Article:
The outcome document is known as the Glasgow Climate Pact, though a forward-looking statement, reflected a sort of lacklustre attitude as it fell short of actions needed to limit global warming to 1.5 degree. It also failed to commit to the elimination of coal, after a last-minute suggestion from countries like India, Iran and China to replace “phase out” with “phase down” for unabated coal power and inefficient fossil fuel subsidies in the draft.
To overcome the shortcomings in NDCs, COP26’s final statement requested governments to revisit and strengthen their NDCs before the end of 2022 to bring them in line with the Paris Agreement’s goals. However, a commitment by about 50 countries to accelerate a transition away from unabated coal power generation by 2030 in line with the Paris Agreement provided a silver lining in an otherwise unfulfilling COP26. The Beyond Oil and Gas Alliance (BOGA) was launched at the summit to push for an end to fossil fuel extraction, but it doesn’t have the support of major oil and gas producers.
If we go by the statements made at COP26, 120 countries as of September 30 2021 have made net zero pledges in the last two years. If such pledges are implemented, the Independent Energy Agency believes that global warming could be limited to 1.8°C, which would be a remarkable achievement. But there is a question mark on such NDCs as many of these are not backed by a credible plan.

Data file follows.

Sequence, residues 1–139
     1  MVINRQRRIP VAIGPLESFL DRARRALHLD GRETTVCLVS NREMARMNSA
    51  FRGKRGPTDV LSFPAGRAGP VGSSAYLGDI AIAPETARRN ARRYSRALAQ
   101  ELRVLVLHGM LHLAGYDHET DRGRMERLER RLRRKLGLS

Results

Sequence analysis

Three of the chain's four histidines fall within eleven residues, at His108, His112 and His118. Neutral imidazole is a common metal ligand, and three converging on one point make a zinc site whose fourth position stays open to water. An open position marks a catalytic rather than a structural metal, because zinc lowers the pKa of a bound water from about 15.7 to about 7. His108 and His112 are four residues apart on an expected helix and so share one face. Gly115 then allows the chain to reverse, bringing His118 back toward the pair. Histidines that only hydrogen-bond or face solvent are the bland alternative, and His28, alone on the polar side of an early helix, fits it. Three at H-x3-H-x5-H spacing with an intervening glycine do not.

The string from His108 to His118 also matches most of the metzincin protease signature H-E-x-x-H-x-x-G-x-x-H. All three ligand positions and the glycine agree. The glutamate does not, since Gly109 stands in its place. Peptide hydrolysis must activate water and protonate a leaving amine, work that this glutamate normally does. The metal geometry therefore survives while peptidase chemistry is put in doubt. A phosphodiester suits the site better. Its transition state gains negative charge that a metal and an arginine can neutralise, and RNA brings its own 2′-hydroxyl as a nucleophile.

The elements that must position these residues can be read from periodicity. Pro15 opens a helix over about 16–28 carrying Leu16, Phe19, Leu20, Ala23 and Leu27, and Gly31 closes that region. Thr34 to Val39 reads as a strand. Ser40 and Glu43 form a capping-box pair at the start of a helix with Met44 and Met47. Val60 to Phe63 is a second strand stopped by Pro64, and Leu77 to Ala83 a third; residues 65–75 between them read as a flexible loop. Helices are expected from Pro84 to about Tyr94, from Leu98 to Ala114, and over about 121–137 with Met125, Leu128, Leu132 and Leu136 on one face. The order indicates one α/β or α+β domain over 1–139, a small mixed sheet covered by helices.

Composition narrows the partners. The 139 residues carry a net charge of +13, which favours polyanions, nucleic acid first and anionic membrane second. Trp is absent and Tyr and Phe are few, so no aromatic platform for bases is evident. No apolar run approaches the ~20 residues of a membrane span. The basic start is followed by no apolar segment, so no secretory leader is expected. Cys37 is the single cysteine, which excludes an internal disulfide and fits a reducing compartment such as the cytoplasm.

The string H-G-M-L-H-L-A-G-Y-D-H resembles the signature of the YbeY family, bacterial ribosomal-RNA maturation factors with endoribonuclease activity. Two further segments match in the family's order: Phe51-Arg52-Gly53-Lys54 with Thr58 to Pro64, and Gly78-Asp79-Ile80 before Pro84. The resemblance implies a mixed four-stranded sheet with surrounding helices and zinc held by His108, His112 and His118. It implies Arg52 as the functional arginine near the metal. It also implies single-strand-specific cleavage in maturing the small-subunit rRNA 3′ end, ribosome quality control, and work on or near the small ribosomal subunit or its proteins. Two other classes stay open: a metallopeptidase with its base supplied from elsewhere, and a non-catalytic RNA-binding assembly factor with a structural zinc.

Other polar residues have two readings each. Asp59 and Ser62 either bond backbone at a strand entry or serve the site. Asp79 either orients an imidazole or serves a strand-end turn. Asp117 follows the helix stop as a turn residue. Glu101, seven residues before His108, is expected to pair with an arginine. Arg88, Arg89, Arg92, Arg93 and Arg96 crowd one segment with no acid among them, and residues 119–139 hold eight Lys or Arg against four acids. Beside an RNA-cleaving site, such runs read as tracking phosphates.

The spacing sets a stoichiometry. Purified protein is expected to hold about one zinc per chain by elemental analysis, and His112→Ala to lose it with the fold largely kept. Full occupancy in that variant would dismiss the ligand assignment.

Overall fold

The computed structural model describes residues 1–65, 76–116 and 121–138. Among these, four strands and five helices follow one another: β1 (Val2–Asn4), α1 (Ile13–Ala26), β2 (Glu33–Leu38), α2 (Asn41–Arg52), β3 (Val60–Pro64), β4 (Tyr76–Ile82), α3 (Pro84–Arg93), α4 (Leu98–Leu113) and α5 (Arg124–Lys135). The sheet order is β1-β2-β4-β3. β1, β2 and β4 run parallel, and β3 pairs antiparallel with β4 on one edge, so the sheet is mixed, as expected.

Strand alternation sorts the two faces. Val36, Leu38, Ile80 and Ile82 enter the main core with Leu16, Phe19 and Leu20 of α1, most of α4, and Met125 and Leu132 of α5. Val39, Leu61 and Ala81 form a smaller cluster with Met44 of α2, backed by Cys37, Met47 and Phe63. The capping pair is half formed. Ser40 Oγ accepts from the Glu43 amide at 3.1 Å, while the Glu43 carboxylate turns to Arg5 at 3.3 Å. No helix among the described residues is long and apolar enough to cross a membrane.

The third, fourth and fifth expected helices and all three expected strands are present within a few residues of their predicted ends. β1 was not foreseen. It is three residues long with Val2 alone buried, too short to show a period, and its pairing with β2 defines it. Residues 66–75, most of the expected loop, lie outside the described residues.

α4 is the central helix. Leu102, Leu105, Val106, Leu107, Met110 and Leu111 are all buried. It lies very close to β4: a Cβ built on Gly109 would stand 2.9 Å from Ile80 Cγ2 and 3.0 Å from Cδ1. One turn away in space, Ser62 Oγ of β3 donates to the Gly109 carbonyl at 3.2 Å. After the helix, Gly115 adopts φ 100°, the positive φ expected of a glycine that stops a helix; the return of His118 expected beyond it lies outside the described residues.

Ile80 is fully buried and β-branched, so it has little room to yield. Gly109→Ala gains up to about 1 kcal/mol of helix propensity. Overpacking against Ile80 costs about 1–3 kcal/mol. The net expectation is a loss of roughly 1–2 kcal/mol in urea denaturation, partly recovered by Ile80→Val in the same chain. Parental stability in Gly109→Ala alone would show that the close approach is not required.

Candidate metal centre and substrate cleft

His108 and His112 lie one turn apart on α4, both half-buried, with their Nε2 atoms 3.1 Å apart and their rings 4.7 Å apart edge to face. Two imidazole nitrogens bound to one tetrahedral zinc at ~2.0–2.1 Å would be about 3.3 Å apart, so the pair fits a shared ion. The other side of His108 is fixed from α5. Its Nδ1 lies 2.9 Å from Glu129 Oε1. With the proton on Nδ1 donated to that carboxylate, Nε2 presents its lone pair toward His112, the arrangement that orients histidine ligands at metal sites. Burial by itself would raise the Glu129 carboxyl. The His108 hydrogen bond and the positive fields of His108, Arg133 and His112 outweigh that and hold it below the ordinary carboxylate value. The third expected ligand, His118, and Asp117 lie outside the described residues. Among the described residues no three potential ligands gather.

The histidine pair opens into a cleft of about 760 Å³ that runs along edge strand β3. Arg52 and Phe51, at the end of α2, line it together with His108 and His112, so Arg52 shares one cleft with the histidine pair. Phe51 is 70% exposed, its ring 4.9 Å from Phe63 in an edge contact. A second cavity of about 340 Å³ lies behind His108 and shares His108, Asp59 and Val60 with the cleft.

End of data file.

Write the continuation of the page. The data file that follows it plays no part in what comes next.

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Interventions other than CO2 reduction
In addition to the burning of fossil fuels, other activities also contribute to greenhouse gas emissions like agriculture and land use changes such as deforestation, certain industrial processes like cement production, landfilling of wastes and refrigeration. Out of the above, agriculture, deforestation, and other land use changes have been the second-largest contributor to emissions of greenhouse gases other than CO2, specifically methane (CH4) and nitrous oxide (N2O), produced from biological activities linked to bacterial decomposition in cropland soil and livestock’s digestive systems.